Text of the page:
P. T. Rajan

P. T. Rajan
Sir Ponnambala Thiaga Rajan
P. T. Rajan in 1934
Member of Madras Legislative Assembly for Cumbum
In office
1952 – 1957
Premier Chakravarti Rajagopalachari,
K. Kamaraj
Governor Sri Prakasa,
A. J. John, Anaparambil
Chief Minister of Madras Presidency
In office
April 4, 1936 – August 24, 1936
Governor John Erskine, Lord Erskine, Kurma Venkata Reddy Naidu (acting)
Preceded by Raja of Bobbili
Succeeded by Raja of Bobbili
Personal details
Born 1892
Madurai district
Died 1974
Nationality Indian
Political party Justice Party
Alma mater The Leys School, Cambridge,

Jesus College, Oxford

Occupation politician
Profession lawyer
Religion Hindu

Sir Ponnambala Thiaga Rajan (Tamil: பொன்னம்பல தியாக ராஜன்) (1892 – 1974) was the Chief Minister of Madras Presidency from April 4, 1936 to August 24, 1936.[1][2] He was also the last President of the Justice Party.

P. T. Rajan was born in 1892 in Uthamapalayam (Theni District) and educated at The Leys School, Cambridge and Jesus College, Oxford. He graduated in history and law and practised as an advocate for sometime before joining the Justice Party.

Rajan was elected to the Madras Legislative Council as a Justice Party candidate in 1920 and served as a legislator till his defeat in 1937. He held various offices such as the Minister of Public Works and then, the Chief Minister of Madras Presidency. From 1939 to 1944, Rajan supported Periyar but broke off and headed the rebel Justice Party till 1957[citation needed]. Rajan was elected to the Madras Legislative Assembly in 1952 and served as a legislator from 1952 to 1957. Rajan died in 1974 at the age of 82. A road in K. K. Nagar, Chennai has been named in his memory as "Sir P.T. Rajan Road".[3]

Rajan's son Palanivel Rajan served as a minister of the Dravida Munnetra Kazhagam and speaker of the Tamil Nadu Legislative Assembly from 1996 to 2001.


Early life

Ponnambala Thyaga Rajan[4] was born in the year 1892 in a family of Saiva Vellala Mudaliar in the town of Madurai. He was educated at Ley's School,[5] Cambridge and graduated in history [6] from Jesus College, Oxford University[5][7] in 1915.[8] He later studied law and was called to Bar in 1917[5] and practised as an advocate[5][7] before joining the Justice Party in the early 1920s.

Political career

Rajan stood as a Justice Party candidate in the 1920 elections and was elected as a member of the Madras Legislative Council. He was also instrumental in getting W. P. A. Soundrapandian Nadar nominated to the Madras Legislative Council as a Justice Party nominee.[9]

In government

In 1930, when the Justice Party returned to power after a gap of 4 years, Rajan was appointed Minister of Public Works. He served as a Minister in the governments of P. Munuswamy Naidu and the Raja of Bobbili.[10] On April 4, 1936, he succeeded the Raja of Bobbili was the Chief Minister of Madras Presidency and held the post till August 24, 1936, when the Raja of Bobbili once again became the Chief Minister.[2]

In 1939, he joined Periyar and wholeheartedly supported his demand for secession from India.[11] However, he broke off with a few others in 1944 when Periyar renamed the Justice Party as Dravidar Kazhagam and converted the political party into a non-political social organization.[11][12][13]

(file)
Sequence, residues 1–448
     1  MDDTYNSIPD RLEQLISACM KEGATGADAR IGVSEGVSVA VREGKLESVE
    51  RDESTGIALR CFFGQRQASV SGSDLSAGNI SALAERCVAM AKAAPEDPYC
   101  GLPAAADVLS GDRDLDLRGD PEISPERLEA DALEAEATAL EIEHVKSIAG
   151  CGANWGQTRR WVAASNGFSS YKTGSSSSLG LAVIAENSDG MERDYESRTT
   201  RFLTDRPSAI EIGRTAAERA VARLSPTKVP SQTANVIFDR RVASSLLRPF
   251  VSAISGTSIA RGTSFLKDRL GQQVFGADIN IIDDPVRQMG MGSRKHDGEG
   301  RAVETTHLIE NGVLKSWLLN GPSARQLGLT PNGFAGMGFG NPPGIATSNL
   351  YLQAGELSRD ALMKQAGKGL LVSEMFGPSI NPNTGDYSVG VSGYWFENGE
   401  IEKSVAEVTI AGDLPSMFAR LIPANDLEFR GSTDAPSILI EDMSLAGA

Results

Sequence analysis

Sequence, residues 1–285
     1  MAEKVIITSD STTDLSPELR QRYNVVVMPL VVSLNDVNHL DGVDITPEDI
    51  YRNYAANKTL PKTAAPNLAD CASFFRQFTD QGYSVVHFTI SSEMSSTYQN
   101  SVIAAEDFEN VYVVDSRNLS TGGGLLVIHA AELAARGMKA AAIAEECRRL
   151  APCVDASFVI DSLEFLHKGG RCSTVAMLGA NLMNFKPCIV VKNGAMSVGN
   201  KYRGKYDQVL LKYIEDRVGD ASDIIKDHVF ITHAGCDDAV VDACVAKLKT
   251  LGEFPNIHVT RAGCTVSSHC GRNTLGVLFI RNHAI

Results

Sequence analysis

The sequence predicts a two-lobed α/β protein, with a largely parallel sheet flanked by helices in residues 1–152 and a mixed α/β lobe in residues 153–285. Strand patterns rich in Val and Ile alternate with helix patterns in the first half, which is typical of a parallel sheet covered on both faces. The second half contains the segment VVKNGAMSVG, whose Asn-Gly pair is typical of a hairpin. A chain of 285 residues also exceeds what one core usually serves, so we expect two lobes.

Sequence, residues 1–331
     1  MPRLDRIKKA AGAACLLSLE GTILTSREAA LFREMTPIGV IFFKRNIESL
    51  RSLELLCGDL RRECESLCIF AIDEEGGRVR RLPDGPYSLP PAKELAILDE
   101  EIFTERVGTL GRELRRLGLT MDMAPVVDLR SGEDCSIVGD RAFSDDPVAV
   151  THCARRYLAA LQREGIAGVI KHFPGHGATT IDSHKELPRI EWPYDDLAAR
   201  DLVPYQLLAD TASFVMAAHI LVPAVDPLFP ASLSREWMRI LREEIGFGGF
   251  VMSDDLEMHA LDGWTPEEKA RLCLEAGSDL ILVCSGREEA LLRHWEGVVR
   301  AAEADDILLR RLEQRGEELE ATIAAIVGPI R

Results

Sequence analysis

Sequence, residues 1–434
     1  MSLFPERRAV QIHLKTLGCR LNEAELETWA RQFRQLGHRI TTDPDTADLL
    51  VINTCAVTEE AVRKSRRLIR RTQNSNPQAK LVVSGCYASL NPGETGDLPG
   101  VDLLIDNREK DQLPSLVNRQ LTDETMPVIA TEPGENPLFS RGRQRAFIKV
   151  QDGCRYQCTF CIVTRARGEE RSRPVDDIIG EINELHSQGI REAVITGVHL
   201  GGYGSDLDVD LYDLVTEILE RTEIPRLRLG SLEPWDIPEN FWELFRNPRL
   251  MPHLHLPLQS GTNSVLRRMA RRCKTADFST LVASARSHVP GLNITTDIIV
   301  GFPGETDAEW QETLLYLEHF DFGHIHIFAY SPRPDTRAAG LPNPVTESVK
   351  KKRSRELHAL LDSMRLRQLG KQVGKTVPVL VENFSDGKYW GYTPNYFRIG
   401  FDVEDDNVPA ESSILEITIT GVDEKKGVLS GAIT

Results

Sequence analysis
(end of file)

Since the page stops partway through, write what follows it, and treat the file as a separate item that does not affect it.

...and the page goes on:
As President of Justice Party

Rajan along with a few dissidents floated a new Justice Party and claimed that their organisation was the original Justice Party.[11][13][14] B. Ramachandra Reddi, who was President of the Madras Legislative Council between 1930 and 1937 was tentatively elected Party President[15] but resigned in 1945 and was succeeded by Rajan.[13][16] The Justice Party did not contest in the 1946 Assembly elections [17] but participated in the 1951 elections, the first as a part of independent India.[18][19] The Justice Party contested nine seats as an unrecognised state-level party of which the party won one.[18] Rajan stood from Madurai North as well as Cumbum.[18] While Rajan lost badly from Madurai North winning only 11% of the total votes polled and finished third, he won by a margin of 11,359 votes from Cumbum.[18][19] The Justice Party did not contest in the 1957 Assembly elections and was eventually dissolved.[20]

Rajan contested as an independent from Uthamapalayam in the 1957 Assembly elections and polled 24,256 votes losing to K. Pandiaraj of the Indian National Congress by a margin of 6,303 votes.[20] Rajan did not contest any more elections after the defeat.

Political activism and ideology

P. T. Rajan, as a leading non-Brahmin leader, supported the appointment of non-Brahmin trustess to temples in Tamil Nadu.[21] In the early 1950s, through his efforts, the present panchaloha idol of Lord Iyappan was installed at Sabarimalai and a procession was taken all over Madras state.[22][23]


P. T. Rajan's uncle M. T. Subramania Mudaliar of Uthamapalayam was a member of the Dravidian Association and one of the early leaders of the Non-Brahmin Movement. He was always consulted with regard to the choice of Ministers by early Chief Ministers such as the Raja of Panagal.[24]

P. T. Rajan's son Palanivel Rajan was a politician of the Dravida Munnetra Kazhagam.[23] He served as the Speaker of the Tamil Nadu Legislative Assembly from 1996 to 2001[25] and In 2006, he served as the Minister for Hindu Religious and Charitable Endowments in the Government of M. Karunanidhi briefly before his death on May 20, 2006.[23][26]